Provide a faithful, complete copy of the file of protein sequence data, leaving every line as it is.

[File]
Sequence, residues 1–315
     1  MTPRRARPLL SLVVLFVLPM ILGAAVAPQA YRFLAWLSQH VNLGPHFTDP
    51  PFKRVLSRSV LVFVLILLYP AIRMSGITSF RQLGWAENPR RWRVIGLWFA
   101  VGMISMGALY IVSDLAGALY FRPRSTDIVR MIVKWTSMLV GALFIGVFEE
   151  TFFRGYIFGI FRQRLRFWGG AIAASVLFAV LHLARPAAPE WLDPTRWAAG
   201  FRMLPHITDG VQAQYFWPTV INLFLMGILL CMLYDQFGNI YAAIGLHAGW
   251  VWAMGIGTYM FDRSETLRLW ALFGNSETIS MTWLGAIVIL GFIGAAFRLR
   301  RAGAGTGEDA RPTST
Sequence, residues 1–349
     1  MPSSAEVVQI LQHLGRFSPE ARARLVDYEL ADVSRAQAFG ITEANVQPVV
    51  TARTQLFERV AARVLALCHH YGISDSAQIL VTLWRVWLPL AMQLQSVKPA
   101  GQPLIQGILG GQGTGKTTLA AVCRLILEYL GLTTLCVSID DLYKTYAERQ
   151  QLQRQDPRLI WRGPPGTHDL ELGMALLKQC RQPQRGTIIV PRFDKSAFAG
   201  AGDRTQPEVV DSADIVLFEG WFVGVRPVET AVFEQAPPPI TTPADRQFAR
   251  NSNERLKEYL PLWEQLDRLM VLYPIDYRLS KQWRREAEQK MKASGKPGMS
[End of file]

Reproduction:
Sequence, residues 1–315
     1  MTPRRARPLL SLVVLFVLPM ILGAAVAPQA YRFLAWLSQH VNLGPHFTDP
    51  PFKRVLSRSV LVFVLILLYP AIRMSGITSF RQLGWAENPR RWRVIGLWFA
   101  VGMISMGALY IVSDLAGALY FRPRSTDIVR MIVKWTSMLV GALFIGVFEE
   151  TFFRGYIFGI FRQRLRFWGG AIAASVLFAV LHLARPAAPE WLDPTRWAAG
   201  FRMLPHITDG VQAQYFWPTV INLFLMGILL CMLYDQFGNI YAAIGLHAGW
   251  VWAMGIGTYM FDRSETLRLW ALFGNSETIS MTWLGAIVIL GFIGAAFRLR
   301  RAGAGTGEDA RPTST
Sequence, residues 1–349
     1  MPSSAEVVQI LQHLGRFSPE ARARLVDYEL ADVSRAQAFG ITEANVQPVV
    51  TARTQLFERV AARVLALCHH YGISDSAQIL VTLWRVWLPL AMQLQSVKPA
   101  GQPLIQGILG GQGTGKTTLA AVCRLILEYL GLTTLCVSID DLYKTYAERQ
   151  QLQRQDPRLI WRGPPGTHDL ELGMALLKQC RQPQRGTIIV PRFDKSAFAG
   201  AGDRTQPEVV DSADIVLFEG WFVGVRPVET AVFEQAPPPI TTPADRQFAR
   251  NSNERLKEYL PLWEQLDRLM VLYPIDYRLS KQWRREAEQK MKASGKPGMS